The best laid plans for playing hooky are often waylaid by the promise of cake. For the last two days I have been EXHAUSTED. It’s not from Monday night’s TKD class or my Tuesday morning swim. It’s not from work. It’s from the little gray blob between my ears.

My brain won’t shut the hell up. Something pushed it past its tipping point into what is either a mild mania or the beginnings of a breakthrough. I simply could not stop thinking. All day I’ve been barraged by thoughts, ideas, insights, micro-epiphanies crackling through the circuits of my mind. After returning from a relaxing weekend I have been sleeping fitfully. My eyes are red and itchy, I’m short of breath, my voice is strained, and my sinuses feel like they’re filled with the vapor of diesel fuel. I’m tired, yo!

Here’s the difference between the past two days and past experiences: They’re not unpleasant or unhappy thoughts. They just won’t stop. Even though I’m sleeping fitfully, I am not overcome with a sense of unease and dread. My normal git-er-done chicken hawk brain has just gone a little further into the Ray Liotta at the end of Goodfellas mode (minus the cocaine and helicopters, and I bet my marinara sauce is better than his). I knew I had to do something before my annoying brain went into the dreaded little hyperactive kid snorting Pixie Stick dust off a coloring book mode.

So I gave myself a time out. I had just nestled into bed with a book and a small serving of delicate quinoa chips when I got a text from my instructor. He said we were celebrating Grandmaster’s birthday and it’s important that I be there. There was no question about going or not. I jumped out of bed and packed my gym bag.

Since we were using the time during the later class for the birthday party my instructor wore us out with a ten minute intense workout of kicking drills. We dispersed for the birthday party, and I had a riveting discussion with an eight-year-old about the refined motor skills one must use to open the complex yet sublime Capri Sun versus the crude juice box. I conspired with him not to tell his mom if he had a Coke.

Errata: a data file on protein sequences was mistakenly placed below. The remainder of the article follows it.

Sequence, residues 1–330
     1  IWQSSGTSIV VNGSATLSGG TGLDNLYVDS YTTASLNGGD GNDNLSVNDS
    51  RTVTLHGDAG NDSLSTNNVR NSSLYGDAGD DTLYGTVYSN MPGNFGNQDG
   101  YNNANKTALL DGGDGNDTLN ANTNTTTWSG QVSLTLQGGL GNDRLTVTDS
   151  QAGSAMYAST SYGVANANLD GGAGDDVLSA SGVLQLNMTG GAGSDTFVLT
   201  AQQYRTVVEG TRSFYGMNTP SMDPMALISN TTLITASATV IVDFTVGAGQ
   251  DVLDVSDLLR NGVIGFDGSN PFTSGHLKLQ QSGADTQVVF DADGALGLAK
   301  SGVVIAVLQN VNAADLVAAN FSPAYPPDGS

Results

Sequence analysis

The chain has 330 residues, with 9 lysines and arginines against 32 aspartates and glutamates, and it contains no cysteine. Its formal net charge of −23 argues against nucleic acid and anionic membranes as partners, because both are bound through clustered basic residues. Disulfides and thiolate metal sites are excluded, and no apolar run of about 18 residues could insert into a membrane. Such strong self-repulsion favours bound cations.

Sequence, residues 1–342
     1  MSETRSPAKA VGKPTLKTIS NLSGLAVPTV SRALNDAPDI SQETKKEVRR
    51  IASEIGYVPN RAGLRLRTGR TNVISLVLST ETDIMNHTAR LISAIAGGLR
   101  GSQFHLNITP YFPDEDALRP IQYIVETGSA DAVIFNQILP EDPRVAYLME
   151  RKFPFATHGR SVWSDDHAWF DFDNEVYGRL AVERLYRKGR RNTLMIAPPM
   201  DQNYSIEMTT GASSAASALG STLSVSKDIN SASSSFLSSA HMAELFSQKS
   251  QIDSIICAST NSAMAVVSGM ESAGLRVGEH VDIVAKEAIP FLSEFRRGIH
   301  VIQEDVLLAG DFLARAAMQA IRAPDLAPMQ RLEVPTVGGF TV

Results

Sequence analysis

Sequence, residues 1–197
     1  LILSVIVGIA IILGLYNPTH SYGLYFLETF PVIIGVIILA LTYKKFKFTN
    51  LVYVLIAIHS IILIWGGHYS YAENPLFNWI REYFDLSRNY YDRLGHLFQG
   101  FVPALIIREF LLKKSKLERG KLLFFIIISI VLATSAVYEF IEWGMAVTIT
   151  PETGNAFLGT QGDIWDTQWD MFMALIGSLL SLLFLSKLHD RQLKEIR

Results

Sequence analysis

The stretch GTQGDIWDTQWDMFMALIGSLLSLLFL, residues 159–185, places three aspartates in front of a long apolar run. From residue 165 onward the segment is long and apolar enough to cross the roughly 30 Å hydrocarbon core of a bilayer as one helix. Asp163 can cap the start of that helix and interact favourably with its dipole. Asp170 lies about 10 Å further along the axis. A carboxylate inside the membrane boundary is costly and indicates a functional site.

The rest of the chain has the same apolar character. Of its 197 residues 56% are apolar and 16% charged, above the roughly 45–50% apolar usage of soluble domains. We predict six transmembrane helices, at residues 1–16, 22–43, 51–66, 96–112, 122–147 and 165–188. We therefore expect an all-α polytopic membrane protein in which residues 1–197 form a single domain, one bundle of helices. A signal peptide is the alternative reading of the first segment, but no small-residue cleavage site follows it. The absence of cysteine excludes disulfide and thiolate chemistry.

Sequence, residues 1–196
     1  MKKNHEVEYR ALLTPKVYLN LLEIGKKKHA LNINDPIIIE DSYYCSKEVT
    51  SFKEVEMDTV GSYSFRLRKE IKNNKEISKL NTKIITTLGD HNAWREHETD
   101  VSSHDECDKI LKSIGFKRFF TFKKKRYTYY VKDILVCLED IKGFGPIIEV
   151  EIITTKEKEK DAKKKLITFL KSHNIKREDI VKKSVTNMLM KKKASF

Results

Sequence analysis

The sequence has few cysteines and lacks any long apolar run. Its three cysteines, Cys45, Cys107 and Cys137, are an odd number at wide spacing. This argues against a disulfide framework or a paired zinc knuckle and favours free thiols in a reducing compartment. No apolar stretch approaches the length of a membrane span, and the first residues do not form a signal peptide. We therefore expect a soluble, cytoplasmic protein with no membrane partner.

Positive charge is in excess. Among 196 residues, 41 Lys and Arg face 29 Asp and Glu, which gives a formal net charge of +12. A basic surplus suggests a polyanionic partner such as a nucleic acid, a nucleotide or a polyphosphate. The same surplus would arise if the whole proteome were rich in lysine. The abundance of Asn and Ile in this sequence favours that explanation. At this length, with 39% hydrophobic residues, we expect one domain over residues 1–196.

After we set up for our little party one of the masters had us all—students, parents, friends, children–stand and bow to Grandmaster. Grandmaster blushed and waved his hand in protest at us. The master then cracked a few jokes and then said something that will stay with me long after the cake is gone: “This is a family. Grandmaster has been our father for all these years. For those of you who are new, welcome to our taekwondo family.”

I don’t take the word “family” lightly. I am very reluctant to share my heart with just anyone. I never found a tight-knit group of friends that I’d consider the “family you choose,” where we haphazardly make Thanksgiving dinner together and spill wine on the coffee table while we swap stories about our dysfunctional childhoods, which in the moment (and with the wine) seem hilarious rather than sad.  Even though I spend most of my waking hours laughing, creating, and commiserating with my coworkers I’m hesitant to consider us a “family.” I wondered in that moment if I had finally found my other family.

Grandmaster padded to the center of the room and thanked everyone for his birthday wishes. Like the other master he smiled, cracked jokes, and then went down an unexpected path of seriousness. He told us about another birthday–his grandfather’s 70th birthday and the party his family was planning that night. The next day Grandmaster would turn 10 years old. That night the North Korean army began its reign of terror and bloodshed on the innocent villagers in the area now known as the DMZ. Grandmaster and his sister were hurriedly whisked away to the safety of South Korea. He never saw his parents or grandparents again.

The room was silent except for the rustling of the breeze in the window blinds and the plods and plops of a tiny child lost in her own little innocent daydream flopping around on the mat. We all had our own backstories and diverse winding paths that somehow all landed us in a little dojang in Texas on a breezy Wednesday night. We were all there because of him. We were all united as a family.

And then we had cake. And then finally my mind went quiet.